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Article by David5437
Let's talk about mic placement
As the proud owner of www.MicrophoneRepair.com , I receive many calls and Emails from all overthe world and I am very grateful for the people who contact me. I feel veryhonored that people want and trust my opinion.
But If I step back a little bit itseems to go away. Do you think I might be overdriving it or if the capsulemay need to be replaced"?
Well, I am very fortunate to have a lot of experience as anaudio engineer and studio technician as well as repairing microphones. I can tell you that a common problem that I have seen over andover again is that the analog mic-pre is turned up too high and the output ofthe pre is down too low.
I usually suggest tostart by turn the mic-pre input as close to all the way down as possible andthen turn up the output of the mic-pre as close to all the way up as possible.I try to get the microphone and mic-pre sounding great before I insert anyoutboard gear or plug- ins. after I do all this is when I patch in some toys ifneeded. like, I will come out of mic-pre into a limiter out of the limiter intoan EQ device and then back into the line input of the console. I personallylike to use this concept in most gain structure applications including when Iam working with an analog console and not in the box. I usually turn all of the line inputs all theway down and the stereo buss all of the way up and I adjust my gain to thestereo buss by the output faders on each track. Doing things this way gives youmuch better signal to noise ratio as well as cleaner sounding mixes.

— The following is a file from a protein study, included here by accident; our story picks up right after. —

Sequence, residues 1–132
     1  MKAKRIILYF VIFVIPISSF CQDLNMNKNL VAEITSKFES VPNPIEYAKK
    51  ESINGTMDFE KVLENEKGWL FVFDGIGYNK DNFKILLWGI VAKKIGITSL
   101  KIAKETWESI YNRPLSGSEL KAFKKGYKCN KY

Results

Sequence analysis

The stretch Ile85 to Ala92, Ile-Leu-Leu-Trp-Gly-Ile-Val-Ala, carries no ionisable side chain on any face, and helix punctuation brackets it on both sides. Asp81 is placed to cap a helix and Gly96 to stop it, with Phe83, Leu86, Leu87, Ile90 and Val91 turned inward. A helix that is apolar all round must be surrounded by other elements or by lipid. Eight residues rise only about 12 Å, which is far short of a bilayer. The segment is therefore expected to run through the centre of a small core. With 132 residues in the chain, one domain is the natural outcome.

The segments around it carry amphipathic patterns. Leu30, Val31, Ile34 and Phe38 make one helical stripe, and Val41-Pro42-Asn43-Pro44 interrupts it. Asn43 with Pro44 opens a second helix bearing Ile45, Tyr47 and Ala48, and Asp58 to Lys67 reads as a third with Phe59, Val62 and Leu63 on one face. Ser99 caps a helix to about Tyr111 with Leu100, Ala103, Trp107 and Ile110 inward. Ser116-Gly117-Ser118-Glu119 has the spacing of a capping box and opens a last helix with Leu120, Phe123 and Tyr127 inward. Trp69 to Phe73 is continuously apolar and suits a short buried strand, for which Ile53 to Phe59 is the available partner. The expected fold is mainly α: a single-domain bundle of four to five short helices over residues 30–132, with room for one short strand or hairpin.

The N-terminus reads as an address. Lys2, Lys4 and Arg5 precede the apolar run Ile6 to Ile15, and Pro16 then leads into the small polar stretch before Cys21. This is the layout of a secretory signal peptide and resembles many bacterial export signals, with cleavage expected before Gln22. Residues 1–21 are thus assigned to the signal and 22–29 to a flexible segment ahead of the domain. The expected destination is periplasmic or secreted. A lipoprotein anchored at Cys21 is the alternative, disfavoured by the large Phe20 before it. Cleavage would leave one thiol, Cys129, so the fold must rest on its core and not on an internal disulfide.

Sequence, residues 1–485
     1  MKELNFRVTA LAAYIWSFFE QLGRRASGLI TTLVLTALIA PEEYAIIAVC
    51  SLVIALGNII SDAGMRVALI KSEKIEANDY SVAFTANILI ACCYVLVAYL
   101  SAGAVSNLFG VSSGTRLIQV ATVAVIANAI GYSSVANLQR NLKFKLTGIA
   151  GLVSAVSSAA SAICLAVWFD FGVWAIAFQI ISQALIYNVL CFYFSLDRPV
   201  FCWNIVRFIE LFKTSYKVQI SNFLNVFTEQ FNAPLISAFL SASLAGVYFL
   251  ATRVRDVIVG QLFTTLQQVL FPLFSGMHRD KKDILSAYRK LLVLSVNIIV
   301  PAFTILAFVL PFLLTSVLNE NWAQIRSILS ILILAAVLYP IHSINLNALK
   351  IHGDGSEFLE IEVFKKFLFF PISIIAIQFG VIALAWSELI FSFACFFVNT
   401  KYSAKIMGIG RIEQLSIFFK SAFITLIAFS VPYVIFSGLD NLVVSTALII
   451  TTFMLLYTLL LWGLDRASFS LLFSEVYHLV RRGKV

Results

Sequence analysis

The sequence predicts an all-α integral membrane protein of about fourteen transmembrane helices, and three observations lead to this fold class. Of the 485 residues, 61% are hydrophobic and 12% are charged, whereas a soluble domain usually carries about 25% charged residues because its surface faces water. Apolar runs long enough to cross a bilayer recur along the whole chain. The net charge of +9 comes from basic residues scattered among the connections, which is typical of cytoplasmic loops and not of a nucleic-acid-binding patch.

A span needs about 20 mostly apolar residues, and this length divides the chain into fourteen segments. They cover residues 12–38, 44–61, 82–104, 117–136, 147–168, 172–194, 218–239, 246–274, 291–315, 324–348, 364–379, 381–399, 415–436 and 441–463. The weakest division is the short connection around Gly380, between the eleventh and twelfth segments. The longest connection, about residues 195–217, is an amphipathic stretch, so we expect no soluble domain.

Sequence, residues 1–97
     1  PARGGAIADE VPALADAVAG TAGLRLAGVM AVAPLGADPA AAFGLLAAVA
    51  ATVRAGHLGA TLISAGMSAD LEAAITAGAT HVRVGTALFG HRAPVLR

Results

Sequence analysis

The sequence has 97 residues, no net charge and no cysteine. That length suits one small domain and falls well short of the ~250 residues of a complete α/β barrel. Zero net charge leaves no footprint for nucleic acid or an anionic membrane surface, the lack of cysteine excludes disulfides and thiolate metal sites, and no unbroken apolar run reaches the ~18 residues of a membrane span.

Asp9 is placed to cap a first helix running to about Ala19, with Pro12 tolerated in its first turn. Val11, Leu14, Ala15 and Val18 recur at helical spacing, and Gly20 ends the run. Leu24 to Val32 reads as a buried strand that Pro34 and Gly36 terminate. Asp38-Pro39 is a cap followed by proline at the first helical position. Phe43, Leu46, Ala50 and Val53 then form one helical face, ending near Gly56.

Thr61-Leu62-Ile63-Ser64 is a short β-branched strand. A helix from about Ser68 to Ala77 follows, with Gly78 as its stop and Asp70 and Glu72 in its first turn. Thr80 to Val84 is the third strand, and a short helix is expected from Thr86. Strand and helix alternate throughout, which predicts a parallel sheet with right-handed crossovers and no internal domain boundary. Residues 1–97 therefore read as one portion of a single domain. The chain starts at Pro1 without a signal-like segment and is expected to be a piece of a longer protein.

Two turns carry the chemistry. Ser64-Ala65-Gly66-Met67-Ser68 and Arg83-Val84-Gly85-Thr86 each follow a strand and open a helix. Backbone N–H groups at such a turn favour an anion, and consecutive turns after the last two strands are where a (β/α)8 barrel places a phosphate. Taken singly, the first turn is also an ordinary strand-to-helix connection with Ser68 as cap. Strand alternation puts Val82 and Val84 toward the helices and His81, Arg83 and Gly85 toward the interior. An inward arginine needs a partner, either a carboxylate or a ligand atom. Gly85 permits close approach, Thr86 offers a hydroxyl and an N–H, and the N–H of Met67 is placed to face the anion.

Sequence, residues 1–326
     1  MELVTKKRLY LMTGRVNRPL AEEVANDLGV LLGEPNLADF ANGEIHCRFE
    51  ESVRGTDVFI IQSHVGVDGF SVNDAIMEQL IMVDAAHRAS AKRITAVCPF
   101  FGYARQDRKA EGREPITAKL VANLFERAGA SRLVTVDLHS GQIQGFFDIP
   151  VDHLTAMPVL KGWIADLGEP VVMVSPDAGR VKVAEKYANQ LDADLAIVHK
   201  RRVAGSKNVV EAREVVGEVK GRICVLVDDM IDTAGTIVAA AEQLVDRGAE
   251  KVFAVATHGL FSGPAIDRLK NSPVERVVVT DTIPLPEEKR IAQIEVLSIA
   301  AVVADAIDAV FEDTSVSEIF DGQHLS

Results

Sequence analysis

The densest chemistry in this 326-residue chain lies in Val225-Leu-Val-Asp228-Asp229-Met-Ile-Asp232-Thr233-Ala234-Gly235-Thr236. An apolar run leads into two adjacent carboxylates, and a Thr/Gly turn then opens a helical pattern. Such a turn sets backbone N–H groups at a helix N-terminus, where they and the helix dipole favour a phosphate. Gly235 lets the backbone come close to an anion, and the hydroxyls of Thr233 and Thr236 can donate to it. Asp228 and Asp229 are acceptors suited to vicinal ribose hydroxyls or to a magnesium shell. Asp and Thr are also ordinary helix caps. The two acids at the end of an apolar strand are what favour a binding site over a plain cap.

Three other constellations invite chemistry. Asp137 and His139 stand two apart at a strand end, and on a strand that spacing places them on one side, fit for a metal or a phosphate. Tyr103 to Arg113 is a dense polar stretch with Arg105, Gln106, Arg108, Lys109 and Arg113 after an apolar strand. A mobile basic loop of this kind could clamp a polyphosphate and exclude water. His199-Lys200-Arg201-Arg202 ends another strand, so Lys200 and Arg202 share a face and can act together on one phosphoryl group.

Now, let's talk a little about microphone placement when doingvocals.
Most large diaphragm condenser microphones are a lot moredurable then one might think. Most capsules will take a lot of SPL as long asthe placement is good. Where we get in troubleis when we hit the microphone amplifier too hard, so don't be shy and make useof the microphone pads that are in most high end microphones if needed.
Also always use a nylon or foam type pop filter. One trickI have learned is to take a metal type of filter like a Stedman and then put a pair of nylon stockings around it and cut to size.
If you place a pop filter about 6 to 8 inches back from themicrophone it forces the talent to back up from the front of the microphoneabout 10 inches.
This application of mic placement will keep your microphonecapsule a lot cleaner and keep it from getting moisture sensitive.
I wrote an article about this for Studio Auditions a while backthat can be found at: http://www.studioauditions.com/proaudioarticledetail.php?WritingID=1554
I hope that some of you find this article helpful.
Happy recording and feel free to contact me through my web siteif you have any questions that you think I may be able to answer for you.I always enjoy hearing from all of you.
Be good to each other
David O. Brownwww.MicrophoneRepair.com